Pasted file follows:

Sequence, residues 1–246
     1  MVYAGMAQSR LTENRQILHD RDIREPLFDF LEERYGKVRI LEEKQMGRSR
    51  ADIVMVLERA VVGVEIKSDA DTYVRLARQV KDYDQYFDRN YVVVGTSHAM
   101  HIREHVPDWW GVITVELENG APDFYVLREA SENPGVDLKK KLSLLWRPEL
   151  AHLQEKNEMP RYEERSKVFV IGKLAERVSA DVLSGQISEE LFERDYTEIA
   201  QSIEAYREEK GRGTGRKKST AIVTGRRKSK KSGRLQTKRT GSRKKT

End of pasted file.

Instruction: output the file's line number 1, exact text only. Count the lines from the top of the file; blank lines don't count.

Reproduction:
Sequence, residues 1–246